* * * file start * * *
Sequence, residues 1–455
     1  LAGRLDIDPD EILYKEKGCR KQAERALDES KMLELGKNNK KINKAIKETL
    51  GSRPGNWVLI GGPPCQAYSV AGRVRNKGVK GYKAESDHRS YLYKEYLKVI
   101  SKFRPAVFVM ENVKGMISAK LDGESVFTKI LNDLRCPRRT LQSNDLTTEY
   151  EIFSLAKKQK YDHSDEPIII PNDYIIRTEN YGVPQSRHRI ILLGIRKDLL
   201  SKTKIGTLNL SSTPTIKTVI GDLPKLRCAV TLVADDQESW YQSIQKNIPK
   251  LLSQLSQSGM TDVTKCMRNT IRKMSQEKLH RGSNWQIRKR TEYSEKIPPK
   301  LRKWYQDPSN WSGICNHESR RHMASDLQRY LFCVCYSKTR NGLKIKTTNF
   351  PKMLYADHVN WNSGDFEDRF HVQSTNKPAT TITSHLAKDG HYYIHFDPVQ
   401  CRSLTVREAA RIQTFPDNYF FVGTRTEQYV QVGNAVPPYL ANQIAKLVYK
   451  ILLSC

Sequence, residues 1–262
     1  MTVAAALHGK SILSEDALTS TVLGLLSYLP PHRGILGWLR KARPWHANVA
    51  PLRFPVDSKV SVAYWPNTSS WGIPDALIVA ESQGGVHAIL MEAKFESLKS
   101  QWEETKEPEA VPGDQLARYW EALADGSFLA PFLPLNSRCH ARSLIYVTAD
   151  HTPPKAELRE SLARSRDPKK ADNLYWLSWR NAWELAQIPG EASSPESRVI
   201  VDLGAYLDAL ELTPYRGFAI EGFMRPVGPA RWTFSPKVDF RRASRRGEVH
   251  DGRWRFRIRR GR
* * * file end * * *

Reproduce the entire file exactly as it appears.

Sequence, residues 1–455
     1  LAGRLDIDPD EILYKEKGCR KQAERALDES KMLELGKNNK KINKAIKETL
    51  GSRPGNWVLI GGPPCQAYSV AGRVRNKGVK GYKAESDHRS YLYKEYLKVI
   101  SKFRPAVFVM ENVKGMISAK LDGESVFTKI LNDLRCPRRT LQSNDLTTEY
   151  EIFSLAKKQK YDHSDEPIII PNDYIIRTEN YGVPQSRHRI ILLGIRKDLL
   201  SKTKIGTLNL SSTPTIKTVI GDLPKLRCAV TLVADDQESW YQSIQKNIPK
   251  LLSQLSQSGM TDVTKCMRNT IRKMSQEKLH RGSNWQIRKR TEYSEKIPPK
   301  LRKWYQDPSN WSGICNHESR RHMASDLQRY LFCVCYSKTR NGLKIKTTNF
   351  PKMLYADHVN WNSGDFEDRF HVQSTNKPAT TITSHLAKDG HYYIHFDPVQ
   401  CRSLTVREAA RIQTFPDNYF FVGTRTEQYV QVGNAVPPYL ANQIAKLVYK
   451  ILLSC

Sequence, residues 1–262
     1  MTVAAALHGK SILSEDALTS TVLGLLSYLP PHRGILGWLR KARPWHANVA
    51  PLRFPVDSKV SVAYWPNTSS WGIPDALIVA ESQGGVHAIL MEAKFESLKS
   101  QWEETKEPEA VPGDQLARYW EALADGSFLA PFLPLNSRCH ARSLIYVTAD
   151  HTPPKAELRE SLARSRDPKK ADNLYWLSWR NAWELAQIPG EASSPESRVI
   201  VDLGAYLDAL ELTPYRGFAI EGFMRPVGPA RWTFSPKVDF RRASRRGEVH
   251  DGRWRFRIRR GR